For short-term food storage, MREs will do the job. But for longer storage needs, freeze-dried food is the king! Freeze-dried foods last nearly 25 years. They have little loss of taste or consistency even after decades of storage time. This is your go-to survival food when preparing for long-term scenarios.
Basically speaking, MREs require no preparation. You can warm them with flameless heaters (which are sometimes included in MRE meals) if desired, but if you have no time or no source of heat, eating directly from the pouch without preparation is perfectly fine. This, in itself, makes MREs a worriless form of survival food when faced with unpredictable conditions or a lack of other supplies. Knowing you can replenish lost calories anywhere at any time is a comforting thought.
Freeze-dried foods, however, require water to prepare—and not just water, hot water. This is where a problem may occur. During survival situations, you may not have access to fire or another heat source, let alone water or a vessel to boil it in. Some freeze-dried food packages state that room temperature or cold water also works, but it will take longer to prepare and the overall taste and texture will most likely be negatively affected.
Again, everyone’s survival plan and preparations are different and individualized. Always examine your available resources (water, heat source, available time for preparation of food, etc.) when you choose what type of survival food to add to your overall supplies.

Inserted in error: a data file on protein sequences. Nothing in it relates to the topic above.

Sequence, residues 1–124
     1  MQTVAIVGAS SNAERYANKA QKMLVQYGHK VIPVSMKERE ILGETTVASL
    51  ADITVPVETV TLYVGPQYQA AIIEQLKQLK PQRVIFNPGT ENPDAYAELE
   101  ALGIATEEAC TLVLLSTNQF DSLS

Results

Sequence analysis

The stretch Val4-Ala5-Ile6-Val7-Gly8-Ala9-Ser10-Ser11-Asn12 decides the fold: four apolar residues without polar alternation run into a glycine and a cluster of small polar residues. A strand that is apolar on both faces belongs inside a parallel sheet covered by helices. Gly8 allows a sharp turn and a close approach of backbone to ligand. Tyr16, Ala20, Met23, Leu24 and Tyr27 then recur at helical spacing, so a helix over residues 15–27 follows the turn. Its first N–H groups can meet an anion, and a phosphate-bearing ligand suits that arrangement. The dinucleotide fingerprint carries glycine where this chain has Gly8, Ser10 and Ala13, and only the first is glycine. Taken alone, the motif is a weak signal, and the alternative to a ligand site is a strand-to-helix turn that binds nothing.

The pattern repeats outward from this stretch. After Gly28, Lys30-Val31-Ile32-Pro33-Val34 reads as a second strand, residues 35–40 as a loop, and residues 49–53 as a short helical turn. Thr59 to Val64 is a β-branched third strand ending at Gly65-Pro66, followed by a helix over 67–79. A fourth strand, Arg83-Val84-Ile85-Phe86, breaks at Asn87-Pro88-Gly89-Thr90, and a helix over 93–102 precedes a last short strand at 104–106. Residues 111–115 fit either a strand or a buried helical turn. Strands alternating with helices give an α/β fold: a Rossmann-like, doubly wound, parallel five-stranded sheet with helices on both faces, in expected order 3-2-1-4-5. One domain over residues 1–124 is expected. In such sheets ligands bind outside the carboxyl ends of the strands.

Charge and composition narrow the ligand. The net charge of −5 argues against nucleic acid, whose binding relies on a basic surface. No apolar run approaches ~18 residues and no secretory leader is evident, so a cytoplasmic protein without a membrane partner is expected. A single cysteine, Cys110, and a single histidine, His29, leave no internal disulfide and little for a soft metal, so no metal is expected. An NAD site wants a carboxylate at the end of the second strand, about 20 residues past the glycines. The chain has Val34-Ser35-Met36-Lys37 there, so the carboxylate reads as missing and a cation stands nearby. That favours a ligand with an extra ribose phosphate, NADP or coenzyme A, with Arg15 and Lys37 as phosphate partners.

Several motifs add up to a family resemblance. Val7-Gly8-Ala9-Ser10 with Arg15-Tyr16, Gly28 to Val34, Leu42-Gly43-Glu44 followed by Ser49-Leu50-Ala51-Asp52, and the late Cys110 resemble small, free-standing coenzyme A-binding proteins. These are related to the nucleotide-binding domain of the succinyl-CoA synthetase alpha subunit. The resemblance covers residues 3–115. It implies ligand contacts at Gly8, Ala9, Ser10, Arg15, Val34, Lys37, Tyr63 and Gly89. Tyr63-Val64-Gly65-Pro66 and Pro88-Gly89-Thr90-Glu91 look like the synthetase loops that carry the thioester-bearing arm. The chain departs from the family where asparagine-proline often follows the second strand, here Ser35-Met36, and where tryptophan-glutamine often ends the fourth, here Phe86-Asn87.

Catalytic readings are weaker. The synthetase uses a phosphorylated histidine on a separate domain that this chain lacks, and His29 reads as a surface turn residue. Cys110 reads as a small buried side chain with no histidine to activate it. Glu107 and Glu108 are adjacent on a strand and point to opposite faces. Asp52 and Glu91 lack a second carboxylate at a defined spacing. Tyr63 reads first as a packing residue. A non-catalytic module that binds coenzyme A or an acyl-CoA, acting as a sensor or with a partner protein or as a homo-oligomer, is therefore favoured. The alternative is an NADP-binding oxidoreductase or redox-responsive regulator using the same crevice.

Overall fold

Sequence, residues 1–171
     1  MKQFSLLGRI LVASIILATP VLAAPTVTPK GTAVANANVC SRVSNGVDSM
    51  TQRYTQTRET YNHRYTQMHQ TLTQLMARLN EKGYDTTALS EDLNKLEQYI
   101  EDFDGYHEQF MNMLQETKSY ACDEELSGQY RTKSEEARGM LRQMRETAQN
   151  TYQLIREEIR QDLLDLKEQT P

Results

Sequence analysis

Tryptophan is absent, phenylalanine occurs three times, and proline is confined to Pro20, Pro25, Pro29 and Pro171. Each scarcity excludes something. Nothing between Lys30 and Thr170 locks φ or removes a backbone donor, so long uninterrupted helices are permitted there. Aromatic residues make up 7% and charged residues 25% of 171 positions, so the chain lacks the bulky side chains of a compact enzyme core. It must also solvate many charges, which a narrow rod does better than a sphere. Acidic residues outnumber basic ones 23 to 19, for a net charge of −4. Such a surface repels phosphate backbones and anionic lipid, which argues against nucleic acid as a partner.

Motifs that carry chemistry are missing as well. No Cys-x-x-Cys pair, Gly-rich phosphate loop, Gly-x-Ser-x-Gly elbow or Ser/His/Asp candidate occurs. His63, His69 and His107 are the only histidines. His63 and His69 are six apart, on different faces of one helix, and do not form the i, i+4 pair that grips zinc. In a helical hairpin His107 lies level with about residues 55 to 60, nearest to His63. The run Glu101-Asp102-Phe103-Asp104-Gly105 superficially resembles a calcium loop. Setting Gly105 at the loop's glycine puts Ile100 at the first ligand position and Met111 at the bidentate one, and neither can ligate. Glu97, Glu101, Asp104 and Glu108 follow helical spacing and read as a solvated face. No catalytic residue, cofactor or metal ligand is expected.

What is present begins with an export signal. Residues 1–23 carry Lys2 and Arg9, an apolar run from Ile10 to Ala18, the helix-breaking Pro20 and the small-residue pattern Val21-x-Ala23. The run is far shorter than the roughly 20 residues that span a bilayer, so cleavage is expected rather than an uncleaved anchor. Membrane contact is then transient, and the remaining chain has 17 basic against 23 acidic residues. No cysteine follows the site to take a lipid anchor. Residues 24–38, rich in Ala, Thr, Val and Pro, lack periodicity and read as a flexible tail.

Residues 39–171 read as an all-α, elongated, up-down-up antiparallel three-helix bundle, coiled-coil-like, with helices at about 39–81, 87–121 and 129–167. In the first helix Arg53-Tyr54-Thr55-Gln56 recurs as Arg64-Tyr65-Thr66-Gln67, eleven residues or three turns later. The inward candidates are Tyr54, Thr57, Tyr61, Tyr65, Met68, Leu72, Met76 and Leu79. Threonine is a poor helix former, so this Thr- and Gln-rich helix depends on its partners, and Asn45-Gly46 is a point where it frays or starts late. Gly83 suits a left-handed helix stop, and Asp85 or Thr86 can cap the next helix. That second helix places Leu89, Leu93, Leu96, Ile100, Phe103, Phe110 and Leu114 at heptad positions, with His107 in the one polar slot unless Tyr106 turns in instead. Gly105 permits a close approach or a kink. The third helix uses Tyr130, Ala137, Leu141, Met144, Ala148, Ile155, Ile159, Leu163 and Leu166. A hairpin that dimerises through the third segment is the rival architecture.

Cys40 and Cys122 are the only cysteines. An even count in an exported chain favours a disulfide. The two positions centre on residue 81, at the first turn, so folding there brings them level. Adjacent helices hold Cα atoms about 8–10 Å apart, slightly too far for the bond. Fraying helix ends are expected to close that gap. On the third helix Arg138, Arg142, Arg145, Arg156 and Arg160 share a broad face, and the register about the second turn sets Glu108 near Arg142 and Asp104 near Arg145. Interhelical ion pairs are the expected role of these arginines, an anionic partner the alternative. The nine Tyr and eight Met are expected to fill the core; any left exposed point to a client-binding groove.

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Some may argue that taste should not be a factor when dealing with food while under survival conditions. Most people are just happy to have some form of sustenance. This is true, but why not have the best-tasting survival food available? Why deal with added pressure if your kids don’t like the food and want something else? Your focus should be on surviving during whatever emergency situation occurs, not spending time trying to convince your family that the food tastes great.
The general consensus concerning which survival food is more pleasing upon consumption is that freeze-dried foods taste better than MRE packaged meals. However, and this is a big factor, the water used must be at or near full boiling temperature to properly reconstitute the product for optimum texture and flavor. Lukewarm or cold water will slowly bring the food product to an edible consistency but with a severe decrease in palatable taste. MRE meals, which can be eaten cold “right out of the package” are considered fair when it comes to taste, but when warmed with optional heaters MREs are a bit more pleasing to the taste buds. Psychologically, a warm meal will feel more comforting and thus give the illusion of better taste.
So after all that this, what type of survival food is better? That can only be answered by you after you exhausted all the trial-and-error tests that should be performed well before you actually need the food to survive. Examine the weights, shapes, tastes, consistency and ease of preparation under both “normal” and extreme conditions. Only then can you make a personalized decision to fit your needs while under harsh and stressful conditions.
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This article was originally published in the SURVIVOR’S EDGE™ Fall 2015 issue. Subscription is available in print and digital editions here.